The US dollar is poised to extend its gains against most of the major currencies in the week ahead. The Japanese yen is the main exception. A combination of equity market weakness, the smaller US interest premium and the large short position leave the yen bears vulnerable to further pressure.
The yen is the only major currency to have appreciated against the dollar in January (3%). The dollar's five day moving average crossed below the 20-day average for the first time since late October on January 13. Since the multi-week low was set on January 27 near JPY101.75, the dollar has hovered around JPY102. There is some support in the JPY101.50-60 area, but if that were to be convincingly violated, it could signal another 1% slide in relative quick order.
There is little reason to expect participants to seriously try picking a bottom in the euro ahead of the ECB meeting Thursday. Selling into the occasional bounce is preferred to buying dips. At least one major German bank has predicted that the ECB adopt a negative deposit rate and cut the refi rate 5-10 basis points (from 25 presently). We are considerably less convinced, but recognize that the two pillars of ECB monetary policy (money supply and inflation) were softer than expected. At the same time we recognize that Draghi has surprised the market more than once on the accommodative side.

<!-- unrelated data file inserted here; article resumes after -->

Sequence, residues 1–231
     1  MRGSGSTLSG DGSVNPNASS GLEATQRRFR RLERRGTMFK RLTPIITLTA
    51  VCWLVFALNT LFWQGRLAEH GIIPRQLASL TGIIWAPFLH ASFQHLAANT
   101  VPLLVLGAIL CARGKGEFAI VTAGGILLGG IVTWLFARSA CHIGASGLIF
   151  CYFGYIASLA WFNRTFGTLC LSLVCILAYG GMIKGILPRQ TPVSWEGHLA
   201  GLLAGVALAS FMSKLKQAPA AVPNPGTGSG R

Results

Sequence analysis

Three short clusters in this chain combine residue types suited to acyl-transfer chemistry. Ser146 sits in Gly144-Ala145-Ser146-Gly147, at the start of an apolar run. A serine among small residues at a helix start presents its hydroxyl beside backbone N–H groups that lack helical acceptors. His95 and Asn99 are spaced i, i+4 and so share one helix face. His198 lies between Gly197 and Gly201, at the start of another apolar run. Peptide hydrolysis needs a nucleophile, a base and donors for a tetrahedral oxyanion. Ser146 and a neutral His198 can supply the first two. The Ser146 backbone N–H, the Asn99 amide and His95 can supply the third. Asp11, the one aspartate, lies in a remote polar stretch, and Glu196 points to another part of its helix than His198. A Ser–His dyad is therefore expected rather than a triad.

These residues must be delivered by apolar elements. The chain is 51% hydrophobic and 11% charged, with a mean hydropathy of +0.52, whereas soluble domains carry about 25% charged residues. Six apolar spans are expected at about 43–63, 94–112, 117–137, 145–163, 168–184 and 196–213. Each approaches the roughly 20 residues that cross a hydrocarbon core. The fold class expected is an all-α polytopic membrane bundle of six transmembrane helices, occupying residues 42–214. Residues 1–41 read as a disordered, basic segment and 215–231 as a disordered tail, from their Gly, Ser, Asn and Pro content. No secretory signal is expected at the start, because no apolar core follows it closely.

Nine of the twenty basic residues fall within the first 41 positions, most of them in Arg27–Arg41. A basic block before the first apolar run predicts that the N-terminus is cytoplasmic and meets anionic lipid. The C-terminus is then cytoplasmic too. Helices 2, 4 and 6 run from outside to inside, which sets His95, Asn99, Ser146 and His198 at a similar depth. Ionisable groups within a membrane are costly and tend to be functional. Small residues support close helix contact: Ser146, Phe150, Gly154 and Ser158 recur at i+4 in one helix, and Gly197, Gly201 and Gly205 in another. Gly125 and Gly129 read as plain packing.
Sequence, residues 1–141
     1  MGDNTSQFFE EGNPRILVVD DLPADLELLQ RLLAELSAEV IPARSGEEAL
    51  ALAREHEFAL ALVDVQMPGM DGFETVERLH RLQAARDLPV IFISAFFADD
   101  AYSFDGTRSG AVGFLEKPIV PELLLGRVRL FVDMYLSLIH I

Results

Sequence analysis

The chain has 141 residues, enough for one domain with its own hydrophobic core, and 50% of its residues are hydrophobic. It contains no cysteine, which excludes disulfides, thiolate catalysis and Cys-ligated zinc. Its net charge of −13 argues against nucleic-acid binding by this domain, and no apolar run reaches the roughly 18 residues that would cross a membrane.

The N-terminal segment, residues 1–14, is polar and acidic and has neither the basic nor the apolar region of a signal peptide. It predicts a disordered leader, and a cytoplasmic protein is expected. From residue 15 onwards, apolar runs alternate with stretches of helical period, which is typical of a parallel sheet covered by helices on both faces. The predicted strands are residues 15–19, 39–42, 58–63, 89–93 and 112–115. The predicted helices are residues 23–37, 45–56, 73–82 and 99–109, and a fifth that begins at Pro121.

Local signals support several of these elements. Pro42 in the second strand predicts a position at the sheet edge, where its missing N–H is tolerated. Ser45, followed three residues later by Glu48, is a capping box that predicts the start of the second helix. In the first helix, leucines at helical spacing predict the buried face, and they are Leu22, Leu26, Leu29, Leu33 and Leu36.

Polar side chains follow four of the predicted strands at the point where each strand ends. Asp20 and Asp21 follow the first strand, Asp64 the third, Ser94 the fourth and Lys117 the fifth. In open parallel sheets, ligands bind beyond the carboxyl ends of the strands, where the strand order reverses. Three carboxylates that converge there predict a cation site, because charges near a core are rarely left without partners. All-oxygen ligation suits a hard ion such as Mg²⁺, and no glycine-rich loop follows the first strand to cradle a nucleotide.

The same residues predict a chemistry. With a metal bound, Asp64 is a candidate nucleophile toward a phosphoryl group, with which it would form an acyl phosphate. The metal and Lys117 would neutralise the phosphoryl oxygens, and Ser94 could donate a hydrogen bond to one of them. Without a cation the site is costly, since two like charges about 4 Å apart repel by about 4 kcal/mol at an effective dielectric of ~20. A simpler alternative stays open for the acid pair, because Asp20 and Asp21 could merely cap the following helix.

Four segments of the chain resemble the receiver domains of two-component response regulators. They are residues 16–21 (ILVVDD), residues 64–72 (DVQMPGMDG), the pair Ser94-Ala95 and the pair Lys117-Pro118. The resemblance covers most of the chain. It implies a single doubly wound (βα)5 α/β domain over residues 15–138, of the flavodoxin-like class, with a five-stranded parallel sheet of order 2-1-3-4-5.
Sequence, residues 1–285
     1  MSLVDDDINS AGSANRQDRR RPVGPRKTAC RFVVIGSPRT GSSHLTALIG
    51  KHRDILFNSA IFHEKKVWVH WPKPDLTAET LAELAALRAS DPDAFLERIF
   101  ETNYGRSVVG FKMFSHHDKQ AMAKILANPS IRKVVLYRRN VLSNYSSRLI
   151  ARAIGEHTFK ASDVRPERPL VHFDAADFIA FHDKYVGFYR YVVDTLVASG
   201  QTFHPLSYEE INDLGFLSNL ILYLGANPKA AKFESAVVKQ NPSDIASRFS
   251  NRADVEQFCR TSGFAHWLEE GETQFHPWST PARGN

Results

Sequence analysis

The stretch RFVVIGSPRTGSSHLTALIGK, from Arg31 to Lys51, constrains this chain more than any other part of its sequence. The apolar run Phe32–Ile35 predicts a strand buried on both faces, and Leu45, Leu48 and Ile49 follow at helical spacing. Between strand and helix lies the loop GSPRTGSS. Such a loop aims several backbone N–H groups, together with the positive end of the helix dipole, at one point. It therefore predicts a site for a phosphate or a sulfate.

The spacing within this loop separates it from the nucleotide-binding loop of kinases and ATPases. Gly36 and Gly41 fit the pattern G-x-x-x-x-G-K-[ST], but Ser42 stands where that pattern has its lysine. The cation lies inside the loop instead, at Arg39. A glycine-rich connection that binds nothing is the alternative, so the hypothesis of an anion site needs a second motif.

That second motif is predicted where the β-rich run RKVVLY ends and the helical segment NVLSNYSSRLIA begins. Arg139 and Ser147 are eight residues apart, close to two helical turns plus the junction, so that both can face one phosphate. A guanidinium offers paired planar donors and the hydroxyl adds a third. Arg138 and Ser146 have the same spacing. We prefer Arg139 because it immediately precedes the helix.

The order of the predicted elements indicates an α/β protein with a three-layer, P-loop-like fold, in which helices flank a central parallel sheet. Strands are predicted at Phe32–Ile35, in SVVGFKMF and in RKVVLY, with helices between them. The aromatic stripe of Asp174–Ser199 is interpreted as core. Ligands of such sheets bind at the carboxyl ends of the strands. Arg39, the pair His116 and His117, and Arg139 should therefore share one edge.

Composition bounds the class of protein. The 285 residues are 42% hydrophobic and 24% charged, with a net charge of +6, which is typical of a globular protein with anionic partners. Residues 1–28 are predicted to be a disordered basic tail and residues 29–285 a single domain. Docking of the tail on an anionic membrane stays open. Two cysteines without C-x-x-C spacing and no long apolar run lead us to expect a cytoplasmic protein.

Yet, ECB officials appear to recognize that the main problem is not the price of money. Recent comments by officials suggest more interest in rekindling lending via securitization, but do not seem prepared to unveil a new initiative next week. Moreover, a negative deposit rate could potentially be disruptive to the very institutions that the ECB wants to lend more.
The euro had been largely confined to a $1.3500-$1.3740 trading range this year, but may be breaking out. It spent the second half of last week below the 100-day moving average (~$1.3600 and rising). The 2-year interest rate differential is at 6-month highs, which should be dollar supportive. The euro finished last week at new lows for the year. The break of $1.35 could signal a move toward $1.33-$1.34 in the days ahead.
Sterling is faring better than the euro, but it too appears to be carving out a top. Remember it has rallied from near $1.48 six-months ago to almost $1.6670 on January 24. It probably requires a break of the $1.6240-$1.6300 area to get the bulls to capitulate. With suspicions that the UK will have to raise rates sooner than the BOE anticipates, other currencies may offer a more efficient way to express dollar bullish sentiment.
The Dollar Index is nearing the upper end of its three-month trading range near 81.50. A break of this cap could see the advance extend toward 82.00, with the 82.50 area being a more formidable barrier.